It happens to boys, too: a story of sex trafficking in Thailand

45% of trafficking victims are boys and men.

Our memory works in funny ways, with a select few images flashing through our heads when we think back to a particular one. When I think back to my 10 days on the ground with Urban Light in Chiang Mai, it is one particular image from my first night that returns incessantly to mind.

The image that haunts me is that of a boy, barely 12, short and skinny, leaving a bar with a man, easily in his fifties, tall and overweight. The look on the man’s face spoke of entitlement, an air of dominance and anticipation. The way he led the 12 year-old across the street was more authoritarian than paternal. The look on the boy’s face was that of resignation, a numbed out expression of utter helplessness.

The boy was one of many led away by older men from bars across Chiang Mai that night, probably to a nearby motel or alleyway to provide sex for pay. I never learned that boy’s name, I don’t know where he is today, but I know that I will never forget the look on his face that night.

All this I saw from the back of a tok tok in an ostensibly residential neighborhood of Chiang Mai, Thailand’s second largest city. Together with Alezandra Russell, Urban Light’s founder, Brent Seely, the NGO’s Thailand director, and Montse Ferrer, a fellow pro-bono attorney, I was investigating places where boys are “sold.” From the back of that tok tok I would soon discover that, alongside Thailand’s highly public sale and exploitation of women, is a parallel but hidden network of bars, spas and cruising spots at which boys are “bought” and “sold” with impunity.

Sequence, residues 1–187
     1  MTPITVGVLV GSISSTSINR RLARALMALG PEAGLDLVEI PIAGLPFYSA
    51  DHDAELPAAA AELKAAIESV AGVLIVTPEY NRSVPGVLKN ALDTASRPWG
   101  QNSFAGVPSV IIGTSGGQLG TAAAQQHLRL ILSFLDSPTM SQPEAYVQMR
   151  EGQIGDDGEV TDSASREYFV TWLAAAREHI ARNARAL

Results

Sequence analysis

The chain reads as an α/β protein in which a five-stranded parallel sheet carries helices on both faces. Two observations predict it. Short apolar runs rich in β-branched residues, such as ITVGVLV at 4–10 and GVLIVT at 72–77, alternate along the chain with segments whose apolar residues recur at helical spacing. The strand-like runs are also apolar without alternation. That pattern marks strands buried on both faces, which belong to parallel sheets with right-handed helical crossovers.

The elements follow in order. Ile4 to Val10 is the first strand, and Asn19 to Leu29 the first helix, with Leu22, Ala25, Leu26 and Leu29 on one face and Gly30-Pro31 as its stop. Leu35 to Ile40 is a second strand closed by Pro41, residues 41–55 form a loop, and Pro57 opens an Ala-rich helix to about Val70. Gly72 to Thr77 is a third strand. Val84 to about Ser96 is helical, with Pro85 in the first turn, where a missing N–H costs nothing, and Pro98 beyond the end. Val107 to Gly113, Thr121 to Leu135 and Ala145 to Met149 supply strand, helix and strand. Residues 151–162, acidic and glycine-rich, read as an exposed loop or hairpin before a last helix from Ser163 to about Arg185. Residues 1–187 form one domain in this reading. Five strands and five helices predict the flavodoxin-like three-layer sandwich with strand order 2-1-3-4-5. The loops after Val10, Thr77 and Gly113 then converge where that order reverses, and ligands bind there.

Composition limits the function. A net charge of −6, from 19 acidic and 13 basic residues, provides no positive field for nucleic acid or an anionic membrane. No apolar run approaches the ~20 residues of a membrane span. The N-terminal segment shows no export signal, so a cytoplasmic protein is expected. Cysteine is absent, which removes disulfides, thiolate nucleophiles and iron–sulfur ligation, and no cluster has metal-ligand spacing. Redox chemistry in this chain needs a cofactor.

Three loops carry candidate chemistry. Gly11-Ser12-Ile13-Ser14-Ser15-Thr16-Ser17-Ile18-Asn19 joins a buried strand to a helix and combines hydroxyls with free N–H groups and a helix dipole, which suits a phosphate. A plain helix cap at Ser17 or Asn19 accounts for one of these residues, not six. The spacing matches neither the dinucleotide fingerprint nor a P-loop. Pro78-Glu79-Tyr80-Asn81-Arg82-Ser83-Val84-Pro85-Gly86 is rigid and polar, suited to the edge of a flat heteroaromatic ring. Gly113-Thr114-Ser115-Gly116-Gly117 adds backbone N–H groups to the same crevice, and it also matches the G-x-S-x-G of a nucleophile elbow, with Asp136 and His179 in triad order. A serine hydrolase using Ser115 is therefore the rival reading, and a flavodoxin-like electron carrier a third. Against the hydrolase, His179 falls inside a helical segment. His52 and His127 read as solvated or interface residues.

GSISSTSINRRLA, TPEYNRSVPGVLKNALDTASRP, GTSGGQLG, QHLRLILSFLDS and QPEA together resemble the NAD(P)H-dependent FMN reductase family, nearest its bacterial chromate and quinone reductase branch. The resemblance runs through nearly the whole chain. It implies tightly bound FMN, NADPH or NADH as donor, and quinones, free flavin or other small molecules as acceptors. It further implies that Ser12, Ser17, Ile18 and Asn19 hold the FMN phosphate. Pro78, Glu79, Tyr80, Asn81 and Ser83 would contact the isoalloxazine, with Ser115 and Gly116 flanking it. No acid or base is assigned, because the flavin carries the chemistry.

These boys, mostly teenagers, some as young as 10, have been trafficked from nearby Laos, Burma and Northern Thailand. The buyers are mainly white and Chinese “sex tourists” in their 40s to 70s. Local bar owners snarl these destitute boys with promises of good pay in return for “working” at their bars and then ply the boys with drugs so that survival sex becomes the only means for them to feed their addictions. The buyers, for their part, know that they can “buy” boys at will in Chiang Mai.

Despite the direness of the situation, trafficked boys remain one of the most under-served populations in Thailand. With many NGOs dedicated solely to the plight of girls trafficked into sex slavery and the boys themselves often reluctant to ask for help given the patriarchal nature of Thai society, the situation did not bode well for the boys of Chiang Mai.

Urban Light, the only NGO of its kind dedicated exclusively to helping boys, is changing the reality of these trafficked and exploited boys — offering them shelter, a daily hot meal they can rely on, medical testing, counseling, English and Thai classes, art relief and many other preventative and rehabilitative services.

Only a couple of blocks from Chiang Mai’s red light district, Urban Light runs a four-story drop-in center. It was within the walls of this drop-in center that I saw the promise of a better reality for Chiang Mai’s boys. I saw boys having a hot, healthy meal on the first floor, others participating in art relief classes on the center’s roof, still others waiting in line for medical and counselling appointments, and boys browsing the internet at the center’s computer room or simply taking a nap on the center’s comfy couches.

The boys treated the center as their home. They knew they were safe to take a nap without judgment, having probably gotten little sleep the night before. They knew they could count on the center’s doctor to see them when ill, and, when they were ready, they knew they could talk to a counselor to start their re-training to exit the sex trade altogether. The look in the eyes of every one of the boys at the center spoke of security – in the center they had found a refuge from the life they have been forced to lead outside its walls.

It is true that certain images become seared in our head, and, try as we might, we are unable to let them go. It is also true that we are capable of countering these images with other, hopeful ones. Urban Light’s center provided me with countless images of exploited boys taking charge of their lives again, helping me counter that one seared image. I can only hope that the boy I saw on that first night learns about Urban Light so that he too can have a shot at a different reality.

Ziad Reslan is an associate at Davis, Polk & Wardwell, currently assigned as a Legal Manager in Hong Kong. He shared his story with Sanctuary for Families after volunteering with Urban Light, and organization that helps boys who are survivors of sex trafficking in Thailand.